At least 3,065 of those infected in this country have been hospitalized and 127 have died. The very young are most likely to be infected, Finelli said, but older patients seem to suffer more. The average age of swine flu victims is 12, the average age of hospitalized patients is 20 and the average age of those who have died is 37, she said.

    The normal seasonal flu virus has virtually disappeared from this country, as would be expected. But the novel H1N1 virus is continuing to spread, and now accounts for 98% of all cases.

    "So far, it doesn't look like transmission is declining at all," Finelli said.

    The spread is highest in New England and the Northeast, and it is beginning to take its toll. Dr. Andrew Doniger, director of public health for Monroe County, N.Y., which includes the city of Rochester, said hospitals, emergency rooms and laboratories in the county are being overwhelmed by "very high volumes" of patients. He called on those who have mild symptoms to self-medicate at home.

    In the Southern Hemisphere, which is one month into its flu season, several countries, particularly Chile, Argentina and Australia, are already feeling the effects of the new virus. Chile has had more than 4,000 laboratory-confirmed cases and seven deaths, Argentina more than 1,200 cases and 17 deaths, and Australia 3,200 cases and three deaths.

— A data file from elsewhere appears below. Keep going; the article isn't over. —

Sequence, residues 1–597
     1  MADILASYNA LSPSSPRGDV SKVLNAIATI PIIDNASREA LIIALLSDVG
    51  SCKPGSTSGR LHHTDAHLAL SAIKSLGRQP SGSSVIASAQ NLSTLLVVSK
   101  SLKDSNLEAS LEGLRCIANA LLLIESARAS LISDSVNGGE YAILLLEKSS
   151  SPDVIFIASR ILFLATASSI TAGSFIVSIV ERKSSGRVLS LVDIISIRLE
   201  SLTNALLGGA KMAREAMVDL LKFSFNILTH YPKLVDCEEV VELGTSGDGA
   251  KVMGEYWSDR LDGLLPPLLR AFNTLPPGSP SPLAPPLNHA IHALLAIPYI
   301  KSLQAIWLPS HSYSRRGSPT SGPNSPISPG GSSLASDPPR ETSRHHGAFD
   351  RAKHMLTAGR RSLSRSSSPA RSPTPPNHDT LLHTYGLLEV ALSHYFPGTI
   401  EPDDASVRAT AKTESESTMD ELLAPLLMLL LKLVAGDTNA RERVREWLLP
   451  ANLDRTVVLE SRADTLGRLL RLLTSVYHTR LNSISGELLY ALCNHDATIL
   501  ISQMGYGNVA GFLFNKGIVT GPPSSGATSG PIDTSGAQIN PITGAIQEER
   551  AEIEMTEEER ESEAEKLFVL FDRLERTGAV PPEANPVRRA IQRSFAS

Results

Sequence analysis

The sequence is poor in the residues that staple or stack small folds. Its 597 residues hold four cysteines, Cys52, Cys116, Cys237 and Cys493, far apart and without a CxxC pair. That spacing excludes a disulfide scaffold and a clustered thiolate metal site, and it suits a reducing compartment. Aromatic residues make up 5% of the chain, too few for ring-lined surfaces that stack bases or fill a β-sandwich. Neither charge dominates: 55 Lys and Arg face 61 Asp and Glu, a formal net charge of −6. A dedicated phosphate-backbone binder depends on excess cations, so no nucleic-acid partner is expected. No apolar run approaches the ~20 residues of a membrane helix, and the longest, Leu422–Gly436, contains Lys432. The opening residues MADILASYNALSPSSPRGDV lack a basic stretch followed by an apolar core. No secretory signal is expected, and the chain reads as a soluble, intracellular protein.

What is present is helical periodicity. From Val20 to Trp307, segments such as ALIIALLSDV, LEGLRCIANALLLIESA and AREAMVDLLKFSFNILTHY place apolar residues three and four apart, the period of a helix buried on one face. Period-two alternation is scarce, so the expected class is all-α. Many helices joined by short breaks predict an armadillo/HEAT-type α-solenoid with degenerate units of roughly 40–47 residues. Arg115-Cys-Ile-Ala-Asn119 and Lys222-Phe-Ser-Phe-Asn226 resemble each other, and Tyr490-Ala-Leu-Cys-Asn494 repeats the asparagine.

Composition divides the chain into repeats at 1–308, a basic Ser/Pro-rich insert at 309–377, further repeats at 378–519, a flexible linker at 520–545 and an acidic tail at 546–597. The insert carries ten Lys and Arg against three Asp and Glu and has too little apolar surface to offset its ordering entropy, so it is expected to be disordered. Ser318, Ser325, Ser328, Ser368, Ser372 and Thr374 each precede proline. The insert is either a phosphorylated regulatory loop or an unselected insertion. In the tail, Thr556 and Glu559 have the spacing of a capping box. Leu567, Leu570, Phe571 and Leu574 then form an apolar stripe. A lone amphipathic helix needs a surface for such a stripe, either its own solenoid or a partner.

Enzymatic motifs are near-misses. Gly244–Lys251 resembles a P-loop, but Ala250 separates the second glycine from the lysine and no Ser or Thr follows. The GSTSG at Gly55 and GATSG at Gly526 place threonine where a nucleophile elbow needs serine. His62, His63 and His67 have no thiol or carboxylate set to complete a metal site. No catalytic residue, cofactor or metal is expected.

In Argentina, the virus is spreading particularly rapidly in the conurbano, the densely populated working-class suburbs and slums that ring Buenos Aires. Hospitals in the area are postponing elective surgeries to have more beds available for flu patients, and the government is sending mobile clinics into many of the neighborhoods.

    In Chile, emergency room visits have tripled and waiting times in public hospitals are seven hours or more.

    Epidemiologists fear that the novel H1N1 virus may exchange genetic information with other flu viruses while it is working its way through the Southern Hemisphere and develop a greater pathogenicity when it returns to the north this fall, but so far that is not happening, said WHO director-general Dr. Margaret Chan. In a news conference in Moscow today, she said that "the virus is still very stable. . . . But we all know the influenza virus is highly unpredictable and has great potential for mutation."

    One surprising victim of the virus is a pig in Argentina. Jorge Amaya, director of the animal health and sanitation service there, said that the animal had recovered and that other pigs were being tested for the virus. He said he thinks the pig caught it from a human.